Like us on Facebook hereFollow @mlbreports
Wednesday, February.27, 2013
By Lee White (Astros Correspondent) Follow @Lee_White73
Nate Freiman was taken by the Houston Astros in the Rule V Draft. Freiman, a career .294 hitter in Minors, has never seen Major League playing time. He has that chance now. Freiman has shown the ability to hit, and hit with power. 2012 marked his second straight season driving in 100 runs or more. The only mark on Freiman that I have found is he doesn’t really have a position to play in the field. Good thing the Astros will have a DH this season!
It is simply crazy that the Padres had not protected this 6 Foot 7 Giant. It may be a loss that will be felt for years if the man from Massachutsses pans out for Houston.
Nate Freiman walkoff HR for the San Antonio Missions:
Sunday December 11, 2011
Jonathan Hacohen: In this edition of On the Verge, I take a look at one of the prospects in the game today: Jaff Decker of the San Diego Padres. Today’s feature is part one of our two-part series on Jaff. Coming up later this week, we will be bringing you my exclusive interview with Jaff Decker. As part of the interview, Jaff talks baseball, including growing up and learning the game and his future in San Diego. Keep an eye out, as I definitely enjoyed learning about Jaff and hearing about his story in his own words. A must read for every baseball fan!
So why the excitement and hype surrounding Jaff Decker? It is very simple. While there are many prospects that play the game every year, there are few “special” ones that will leave an impact in the game. Jaff Decker is one of those special players. Born February 23rd, Jaff will be 22-years-of-age come opening day. Drafted in the 1st round (42nd overall) by the Padres in 2008, San Diego uncovered a hidden gem in selecting Jaff. Just take a look at the his numbers and you will be blown away.
Jaff played across two levels in his first professional season. Playing between Rookie and Low-A Ball, Jaff put up an incredible .343 AVG, .513 OBP and .521 SLG. He walked more than he struck out (57 to 41), and even stole 9 bases in 10 tries. In 2009, Jaff moved to Fort Wayne (A-Ball) and continued his assault on minor league pitching. He put up a .299 AVG, with a .442 OBP, .514 SLG and 16 home runs in only 104 games. Jaff had close to a 1:1 walk-to-strikeout ratio (85/92). The sky was limit at this point as most major baseball publications and analysts began to view Jaff as a can’t miss prospect.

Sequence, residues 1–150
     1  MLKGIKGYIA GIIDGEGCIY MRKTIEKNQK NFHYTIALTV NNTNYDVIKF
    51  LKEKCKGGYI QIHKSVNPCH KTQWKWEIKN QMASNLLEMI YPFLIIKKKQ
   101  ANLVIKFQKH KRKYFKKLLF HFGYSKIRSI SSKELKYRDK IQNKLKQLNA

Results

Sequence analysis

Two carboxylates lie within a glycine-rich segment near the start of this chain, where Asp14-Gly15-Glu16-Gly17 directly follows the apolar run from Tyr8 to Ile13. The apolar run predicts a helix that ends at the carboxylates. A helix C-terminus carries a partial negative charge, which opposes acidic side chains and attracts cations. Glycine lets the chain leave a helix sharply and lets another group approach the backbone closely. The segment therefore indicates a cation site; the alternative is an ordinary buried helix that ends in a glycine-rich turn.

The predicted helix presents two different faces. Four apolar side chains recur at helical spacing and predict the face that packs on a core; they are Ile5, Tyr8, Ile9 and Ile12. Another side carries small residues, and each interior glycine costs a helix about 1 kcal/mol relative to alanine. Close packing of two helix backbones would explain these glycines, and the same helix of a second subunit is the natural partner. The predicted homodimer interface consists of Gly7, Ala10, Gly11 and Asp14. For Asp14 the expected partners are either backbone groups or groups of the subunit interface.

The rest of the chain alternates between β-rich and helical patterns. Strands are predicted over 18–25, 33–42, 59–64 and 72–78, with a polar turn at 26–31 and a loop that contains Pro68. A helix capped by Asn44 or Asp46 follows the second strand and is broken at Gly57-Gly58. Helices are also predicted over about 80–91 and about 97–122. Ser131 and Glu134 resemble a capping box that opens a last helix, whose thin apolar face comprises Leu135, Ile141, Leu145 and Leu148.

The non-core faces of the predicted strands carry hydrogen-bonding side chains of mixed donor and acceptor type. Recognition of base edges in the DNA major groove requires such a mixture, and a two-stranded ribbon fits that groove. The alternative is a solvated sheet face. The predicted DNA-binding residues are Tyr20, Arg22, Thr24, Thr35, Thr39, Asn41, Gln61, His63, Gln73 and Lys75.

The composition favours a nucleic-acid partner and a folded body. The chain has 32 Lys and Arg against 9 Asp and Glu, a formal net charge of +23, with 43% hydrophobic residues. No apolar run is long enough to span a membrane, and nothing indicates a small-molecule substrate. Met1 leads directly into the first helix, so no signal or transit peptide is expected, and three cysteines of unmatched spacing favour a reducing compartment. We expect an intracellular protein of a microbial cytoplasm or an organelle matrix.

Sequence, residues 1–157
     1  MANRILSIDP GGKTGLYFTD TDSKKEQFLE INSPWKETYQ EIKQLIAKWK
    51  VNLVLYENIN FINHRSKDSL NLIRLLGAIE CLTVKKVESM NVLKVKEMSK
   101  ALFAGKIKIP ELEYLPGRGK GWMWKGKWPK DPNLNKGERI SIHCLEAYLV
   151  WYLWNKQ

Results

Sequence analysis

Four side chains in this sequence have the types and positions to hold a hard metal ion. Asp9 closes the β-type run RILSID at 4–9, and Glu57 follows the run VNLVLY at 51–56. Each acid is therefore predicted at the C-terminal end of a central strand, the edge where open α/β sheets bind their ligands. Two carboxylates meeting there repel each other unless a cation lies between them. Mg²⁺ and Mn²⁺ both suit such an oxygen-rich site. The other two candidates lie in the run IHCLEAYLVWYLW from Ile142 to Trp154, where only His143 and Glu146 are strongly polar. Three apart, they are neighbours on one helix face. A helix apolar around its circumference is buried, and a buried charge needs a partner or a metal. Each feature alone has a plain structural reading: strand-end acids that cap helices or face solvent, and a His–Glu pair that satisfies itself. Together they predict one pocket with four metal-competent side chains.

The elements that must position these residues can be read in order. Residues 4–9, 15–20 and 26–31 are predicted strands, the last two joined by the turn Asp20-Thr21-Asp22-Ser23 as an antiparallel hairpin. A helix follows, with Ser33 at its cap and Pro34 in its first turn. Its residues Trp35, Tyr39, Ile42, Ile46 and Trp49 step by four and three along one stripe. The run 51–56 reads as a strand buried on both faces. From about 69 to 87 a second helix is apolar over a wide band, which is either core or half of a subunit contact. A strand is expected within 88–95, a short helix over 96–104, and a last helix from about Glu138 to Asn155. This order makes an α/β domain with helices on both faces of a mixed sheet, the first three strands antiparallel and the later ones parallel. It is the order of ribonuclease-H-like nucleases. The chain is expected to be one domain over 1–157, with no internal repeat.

2010 unfortunately was a difficult season for Jaff. He moved to Lake Elsinore (High-A Ball). Between injuries and slumps, Jaff started off the year very slowly and had a difficult time getting untracked. He was able to salvage the year with a strong second half and still finished with 17 home runs in only 79 games. He hit .262 with a strong .374 OBP and .500 SLG. The walks and strikeouts though told a different story, as he walked only 47 times and struck out 80 times. It appeared to me that he was pressing that year and was moving away from his usual patience approach. I was looking forward to 2011 and to see what Jaff could do matched up against AA pitching. I certainly was not disappointed.
Last season turned out to be Jaff’s best year in professional baseball. The strong combination of power and patience displayed throughout his career continued to shine as he blossomed into one of the top slugging prospects in the game. Playing a full season in AA, Jaff hit a career high 19 home runs, drove in 92 RBIs and scored 90 runs. He stole 15 bases in 20 attempts, making him a viable 30/30 candidate in the future. While his average was down to .237, the OBP remained a steady .373 to go along with a .417 SLG. While Jaff has shown higher averages and OPS numbers in previous years, I feel that looking at his body of work as a whole, 2011 was the breakout year. Jaff took 103 walks, while striking out 145 times. So while his strikeouts should be cut down a bit, he was not pressing and went back to his patient ways. A great sign of things to come.
When I think of comparables to Jaff Decker, I think of Adam Dunn and Nick Swisher. Sluggers that hit a fair amount of home runs, take a ton of walks and get on base at high clip. If Jaff stays on his current path, that is very good company to be in. We should find out very soon, as I project Jaff Decker to likely make his major league debut sometime this year, with a full-time MLB job by 2013. As he progresses to San Diego, Jaff will have new challenges to face. A young developing team where he will be expected to become an offensive savior. Ballpark dimensions that are not conducive to hitters. A great deal of pressure on a young hitter. But Jaff Decker appears to not only have the talent, but the right attitude and approach for his future role. A smart young man who is well-mannered, he should fit in well in the laid back San Diego area. For a team that has been looking for its next franchise player since the departure of Tony Gwynn, they made have indeed found him in Jaff Decker.
Get to know Jaff Decker more intimately next week, as we feature my interview with the Padres prospect. Stay tuned for part-two of our Jaff Decker series, coming up on MLB reports!
Jonathan Hacohen is the Lead Baseball Columnist & Editor for MLB reports: You can follow Jonathan on Twitter (@JHacohen)
Please e-mail us at: MLBreports@gmail.com with any questions and feedback. You can follow us on Twitter and become a fan on Facebook . To subscribe to our website and have the daily Reports sent directly to your inbox , click here and follow the link at the top of our homepage.